Israeli soldiers at the border with Gaza today. Photo: Getty
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Why the UK must end its military support for Israel

Andrew Smith from the Campaign Against Arms Trade argues that those who oppose Israel's actions in Gaza must acknowledge that Britain is implicitly supporting them through its military trade. 

Philip Hammond, the defence secretary, pronounced last week on Russia's support for separatists in Ukraine: “They have been supplying them, they have been supporting them . . . They cannot deny their responsibility for the acts that these people are carrying out." He is right, but the same could be said of the UK's support for Israel in the current bombardment of Gaza.

It's almost impossible not to be moved by the bloody and horrific images that are coming out of Gaza. The intensifying conflict has become a humanitarian catastrophe, with much of Gaza's infrastructure being destroyed and the violence claiming the lives of over 600 Palestinians and 30 Israelis.

There have been international calls for a ceasefire, but they are having little impact. Gilad Erdan, communications minister and a member of Israeli Prime Minister Benjamin Netanyahu's inner security cabinet, said: “This is not the time to talk of a ceasefire. We must complete the mission.”

The UK government's call for “peace” is hollow when it reiterates its support for Israel; David Cameron has described his support as “unbreakable” and Hammond has refused to declare the Israeli response disproportionate.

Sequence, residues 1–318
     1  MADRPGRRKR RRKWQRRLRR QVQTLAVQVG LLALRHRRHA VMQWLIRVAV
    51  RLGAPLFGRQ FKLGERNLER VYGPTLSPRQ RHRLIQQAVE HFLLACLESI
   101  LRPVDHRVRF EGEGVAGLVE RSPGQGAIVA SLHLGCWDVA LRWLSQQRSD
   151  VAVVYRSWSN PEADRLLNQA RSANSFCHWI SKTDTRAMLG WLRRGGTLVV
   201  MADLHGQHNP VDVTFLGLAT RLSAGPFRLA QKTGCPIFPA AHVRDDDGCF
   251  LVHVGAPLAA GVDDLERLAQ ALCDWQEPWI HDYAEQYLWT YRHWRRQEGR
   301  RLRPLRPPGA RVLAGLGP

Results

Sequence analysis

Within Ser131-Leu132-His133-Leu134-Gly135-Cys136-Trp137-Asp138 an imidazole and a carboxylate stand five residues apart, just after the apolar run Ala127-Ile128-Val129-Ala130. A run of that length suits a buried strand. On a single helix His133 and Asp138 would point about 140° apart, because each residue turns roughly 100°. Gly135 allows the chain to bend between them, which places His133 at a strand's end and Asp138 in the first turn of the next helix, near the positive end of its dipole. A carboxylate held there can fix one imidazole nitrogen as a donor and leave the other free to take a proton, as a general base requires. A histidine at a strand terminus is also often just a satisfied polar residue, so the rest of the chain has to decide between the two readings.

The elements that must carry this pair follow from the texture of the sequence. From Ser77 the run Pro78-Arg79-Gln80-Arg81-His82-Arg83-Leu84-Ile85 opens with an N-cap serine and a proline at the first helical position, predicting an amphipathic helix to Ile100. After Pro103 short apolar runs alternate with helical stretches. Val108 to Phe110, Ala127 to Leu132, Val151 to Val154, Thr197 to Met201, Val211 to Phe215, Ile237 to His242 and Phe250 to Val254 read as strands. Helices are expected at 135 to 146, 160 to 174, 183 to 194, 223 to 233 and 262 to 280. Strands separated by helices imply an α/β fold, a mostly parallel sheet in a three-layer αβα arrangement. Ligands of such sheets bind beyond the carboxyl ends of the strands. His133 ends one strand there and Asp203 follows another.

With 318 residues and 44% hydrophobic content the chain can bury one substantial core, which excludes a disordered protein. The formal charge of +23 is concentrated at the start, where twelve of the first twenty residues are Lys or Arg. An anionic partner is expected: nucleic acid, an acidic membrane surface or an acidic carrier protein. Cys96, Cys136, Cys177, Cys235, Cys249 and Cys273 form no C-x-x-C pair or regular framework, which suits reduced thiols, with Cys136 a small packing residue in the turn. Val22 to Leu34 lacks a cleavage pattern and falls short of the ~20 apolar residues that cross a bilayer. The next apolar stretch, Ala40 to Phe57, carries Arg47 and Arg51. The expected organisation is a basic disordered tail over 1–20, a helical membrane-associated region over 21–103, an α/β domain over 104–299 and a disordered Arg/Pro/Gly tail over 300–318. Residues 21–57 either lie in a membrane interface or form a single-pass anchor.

The UK's political support is underpinned by its strong military relationship with Israel. In terms of exports, the UK has awarded almost £50m in military licences to Israel in the last five years, including £10m last year.

It seems likely that UK arms exports have played a direct role in the conflict. In 2009, David Miliband, then Foreign Secretary confirmed that Israeli equipment that had been used in Gaza in the 2008-9 conflict “almost certainly” contained UK-supplied components.

The relationship works in both directions. The Israeli arms industry is one of the most advanced in the world, with more than 200 arms companies and a government spend of $18.2 billion in the last year alone.

Last week, as bombs were being dropped on Gaza, a number of major Israeli arms companies were in the UK for the Farnborough International Airshow, which, despite its family-friendly image, is little more than a glorified arms fair.

Among the companies promoting “battle-tested” weapons was Elbit Systems, which is working with  UK arms company, Thales UK, on a Ministry of Defence contract worth nearly £1 billion for the development of Watchkeeper WK450 drones. The aim is for these to be exported from 2015 onwards.

As long as these kinds of deals are central to UK-Israeli relations, it is unlikely that there will be any change in the current levels of political and military support.

The violence in Gaza did not start two weeks ago. It has been going on for decades. In that time Israel has used excessive and disproportionate force and carried out house demolitions, targeted assassinations, detention of minors, detention without trial, attacks on water supplies, violation of the right to food and attacks on medical personnel and equipment.

The ongoing military collaboration and the sale of weapons are not apolitical moves. Arms deals don't just give Israel military support, they also bolster the Israeli government by sending out a strong message of political support.